the perspective of a young girl and then a young woman, moving from high school to college. The narrative is told in a way that doesn’t hold back – at one point self-consciously discussing how Dobson’s epileptic sister is upset about Margaret Atwood’s use of the term “throwing fits,” but then Dobson also makes use of some questionable language herself. Yes, it’s hard to read the depictions of disability in the book, but the metafictional irony is one of Dobson’s tactics. “It’s got to be honest,” she insists. Poverty is not just about people having less money, it is a system that prevents whole communities of people – from all levels of the socio-economic strata – from pushing against assumptions they might have.

Her vibrant descriptions of college classes will make any teacher feel pretty darned good about the relevance of their profession. But at the same time that Dobson presents the many ways that education provided her with opportunities to engage with her own preconceptions and challenge beliefs, she also makes it clear just how close-minded middle- and upper-class folk can be. The introduction of her more upwardly mobile boyfriend Jack, a McGill student, provides a means of presenting this disconnect: whereas Dobson discloses her own ignorance in stark relief, Jack is initially depicted as the clever one. But chapter after chapter, Jack reveals himself as unaware and unwilling to understand anyone else’s perspectives.

Whereas Dobson’s approach to education began with an initial realization that “people do things that don’t make sense. But if you see it from their perspective,” she explains, “culturally, socially, economically, or whatever, suddenly things make sense. And that was something that was amazing to me. Suddenly I understand that there were so many things I didn’t understand.” But Jack is not willing to think outside of himself – he consistently assumes he knows what is best. Not only is he an insufferable and offensive pedant, he refuses to accept Dobson’s family or even responsibility for his part in an unwanted pregnancy.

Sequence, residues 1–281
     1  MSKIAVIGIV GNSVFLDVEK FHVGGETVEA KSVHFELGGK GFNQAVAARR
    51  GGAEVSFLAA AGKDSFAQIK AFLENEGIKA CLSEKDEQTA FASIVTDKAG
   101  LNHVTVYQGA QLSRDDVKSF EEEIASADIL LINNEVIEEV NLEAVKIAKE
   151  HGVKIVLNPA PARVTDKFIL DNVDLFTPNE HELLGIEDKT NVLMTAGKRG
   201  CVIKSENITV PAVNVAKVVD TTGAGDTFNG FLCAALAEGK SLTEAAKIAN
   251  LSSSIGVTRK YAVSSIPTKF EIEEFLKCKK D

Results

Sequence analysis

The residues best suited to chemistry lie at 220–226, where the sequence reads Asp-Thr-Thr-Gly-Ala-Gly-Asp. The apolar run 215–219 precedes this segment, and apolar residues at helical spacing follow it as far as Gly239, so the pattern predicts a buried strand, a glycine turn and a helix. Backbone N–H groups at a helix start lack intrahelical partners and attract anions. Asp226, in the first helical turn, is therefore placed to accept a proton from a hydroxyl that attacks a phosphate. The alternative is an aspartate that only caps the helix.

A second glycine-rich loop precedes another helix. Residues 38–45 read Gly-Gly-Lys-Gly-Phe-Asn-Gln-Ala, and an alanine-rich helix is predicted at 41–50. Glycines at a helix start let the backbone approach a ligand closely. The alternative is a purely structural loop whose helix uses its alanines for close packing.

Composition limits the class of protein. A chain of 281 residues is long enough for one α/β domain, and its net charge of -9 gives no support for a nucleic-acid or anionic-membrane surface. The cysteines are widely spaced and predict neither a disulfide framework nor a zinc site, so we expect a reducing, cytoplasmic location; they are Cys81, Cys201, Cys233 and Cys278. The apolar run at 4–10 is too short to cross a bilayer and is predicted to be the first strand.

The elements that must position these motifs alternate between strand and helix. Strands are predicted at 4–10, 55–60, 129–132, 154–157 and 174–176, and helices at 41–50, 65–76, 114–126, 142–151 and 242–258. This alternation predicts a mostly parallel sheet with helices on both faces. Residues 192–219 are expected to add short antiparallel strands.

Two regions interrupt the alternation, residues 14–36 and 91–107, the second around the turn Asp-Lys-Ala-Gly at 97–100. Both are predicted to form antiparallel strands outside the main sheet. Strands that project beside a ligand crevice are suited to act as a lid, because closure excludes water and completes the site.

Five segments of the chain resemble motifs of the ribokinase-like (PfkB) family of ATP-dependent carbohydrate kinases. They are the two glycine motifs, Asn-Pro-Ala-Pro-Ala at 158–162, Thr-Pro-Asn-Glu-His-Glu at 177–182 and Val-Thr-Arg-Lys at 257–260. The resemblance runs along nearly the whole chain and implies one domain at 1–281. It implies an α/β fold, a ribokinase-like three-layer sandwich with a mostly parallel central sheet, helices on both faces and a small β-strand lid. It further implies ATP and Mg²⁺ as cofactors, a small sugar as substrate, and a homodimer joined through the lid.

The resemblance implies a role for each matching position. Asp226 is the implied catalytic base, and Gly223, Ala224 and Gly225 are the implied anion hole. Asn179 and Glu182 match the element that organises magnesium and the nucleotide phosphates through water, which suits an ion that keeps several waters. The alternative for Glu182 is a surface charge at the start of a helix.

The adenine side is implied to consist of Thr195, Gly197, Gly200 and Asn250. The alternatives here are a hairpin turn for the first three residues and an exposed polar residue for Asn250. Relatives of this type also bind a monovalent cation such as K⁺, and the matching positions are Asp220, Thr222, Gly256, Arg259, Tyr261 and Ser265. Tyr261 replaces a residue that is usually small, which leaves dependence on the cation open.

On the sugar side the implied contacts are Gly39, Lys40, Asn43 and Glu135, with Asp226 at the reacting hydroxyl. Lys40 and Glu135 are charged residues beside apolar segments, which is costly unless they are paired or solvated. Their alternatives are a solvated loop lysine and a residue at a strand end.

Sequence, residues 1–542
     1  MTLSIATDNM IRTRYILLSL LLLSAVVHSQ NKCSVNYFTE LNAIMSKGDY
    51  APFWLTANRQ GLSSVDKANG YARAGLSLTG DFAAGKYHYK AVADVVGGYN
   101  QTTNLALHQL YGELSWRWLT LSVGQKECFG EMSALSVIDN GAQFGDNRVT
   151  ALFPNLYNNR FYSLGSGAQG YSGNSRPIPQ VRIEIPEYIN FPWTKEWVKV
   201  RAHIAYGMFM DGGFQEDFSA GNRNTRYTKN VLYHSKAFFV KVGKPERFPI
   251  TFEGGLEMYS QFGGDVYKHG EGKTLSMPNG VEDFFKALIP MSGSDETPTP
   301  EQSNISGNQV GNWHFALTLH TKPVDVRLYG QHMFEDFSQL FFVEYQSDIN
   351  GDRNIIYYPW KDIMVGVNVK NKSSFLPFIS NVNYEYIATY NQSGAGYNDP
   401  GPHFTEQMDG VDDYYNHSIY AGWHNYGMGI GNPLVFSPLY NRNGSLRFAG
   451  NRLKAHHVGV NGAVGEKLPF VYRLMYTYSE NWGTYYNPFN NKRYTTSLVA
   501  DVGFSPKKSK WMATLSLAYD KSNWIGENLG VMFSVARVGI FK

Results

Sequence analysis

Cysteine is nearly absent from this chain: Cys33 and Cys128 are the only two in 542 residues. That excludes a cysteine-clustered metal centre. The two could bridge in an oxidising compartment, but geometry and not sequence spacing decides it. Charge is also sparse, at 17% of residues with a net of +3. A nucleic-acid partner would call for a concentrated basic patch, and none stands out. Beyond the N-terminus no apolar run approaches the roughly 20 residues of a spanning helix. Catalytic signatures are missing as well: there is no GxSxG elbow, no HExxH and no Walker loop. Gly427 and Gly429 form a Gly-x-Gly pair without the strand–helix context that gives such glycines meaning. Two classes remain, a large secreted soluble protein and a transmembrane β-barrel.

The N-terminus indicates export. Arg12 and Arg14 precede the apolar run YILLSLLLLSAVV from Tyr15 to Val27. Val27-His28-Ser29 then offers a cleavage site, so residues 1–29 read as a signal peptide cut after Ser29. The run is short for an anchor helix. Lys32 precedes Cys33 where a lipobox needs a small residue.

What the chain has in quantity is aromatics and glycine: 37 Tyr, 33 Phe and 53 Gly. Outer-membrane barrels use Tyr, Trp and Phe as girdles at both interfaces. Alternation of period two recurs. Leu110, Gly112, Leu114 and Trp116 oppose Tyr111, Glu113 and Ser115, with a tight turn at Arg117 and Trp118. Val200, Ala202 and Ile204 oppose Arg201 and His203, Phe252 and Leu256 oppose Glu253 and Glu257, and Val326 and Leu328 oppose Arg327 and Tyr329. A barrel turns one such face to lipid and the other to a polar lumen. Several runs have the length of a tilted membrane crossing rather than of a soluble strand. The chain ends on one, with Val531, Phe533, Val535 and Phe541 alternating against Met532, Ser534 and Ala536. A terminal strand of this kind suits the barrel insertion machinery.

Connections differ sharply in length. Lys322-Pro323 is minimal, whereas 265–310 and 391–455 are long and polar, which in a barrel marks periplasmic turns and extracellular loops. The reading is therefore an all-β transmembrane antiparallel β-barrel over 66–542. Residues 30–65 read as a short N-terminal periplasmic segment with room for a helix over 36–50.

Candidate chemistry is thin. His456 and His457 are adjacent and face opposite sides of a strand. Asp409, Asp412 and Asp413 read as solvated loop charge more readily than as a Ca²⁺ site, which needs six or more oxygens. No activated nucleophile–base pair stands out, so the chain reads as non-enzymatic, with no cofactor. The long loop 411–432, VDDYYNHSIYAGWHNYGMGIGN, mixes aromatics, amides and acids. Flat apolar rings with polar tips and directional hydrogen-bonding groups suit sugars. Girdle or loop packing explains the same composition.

Dobson’s confessional story of abortion is yet another instance where she underlines how poverty affects so much: “What does it do to you to live with the constant fear of the things that go along with dire poverty? If you’re in a situation where you’re being sexually abused and you have no way of escaping it? Or you need an abortion? All of those experiences are completely different for someone living in poverty than [for] a middle-class person.”

When Dobson says these words, it is as if she pinpoints exactly what is wrong with folks like Jack: “We think we know what people need and we’re not even thinking that we think we know what they need. We’re assuming they’re on the same page. We are not even deliberately being condescending. We honestly think this is what they need and we just have to give it to them and make sure they get it. Never thinking maybe that, no, actually that isn’t what they need, that isn’t what they want. I mean, maybe we should ask them?” Dobson, through her generous, courageous, emotional, and just as amusing as moving recollections of her own life, asks this question, and provides readers with an answer. There’s as much a need to see people with less money as people – to listen. Dobson’s book offers readers this opportunity. mRb

Erin MacLeod teaches Caribbean literature at Vanier College. She’s also the author of Visions of Zion: Ethiopians and Rastafari in the Search for the Promised Land (NYU Press).



Submit a Comment

Your email address will not be published.

More Interviews

The War You Don’t Hate

The War You Don’t Hate

Blaise Ndala’s blistering second novel is a searing satire of war and celebrity and their improbable connection.

By Ami Sands Brodoff



The strength of Abi-Nakhoul's book lies in its emulation of pain as a mood or feeling.

By Emma Dollery

The Wendy Award

The Wendy Award

Walter Scott's fourth instalment in a series that has shone an unsparing light on the contemporary art world.

By Ian McGillis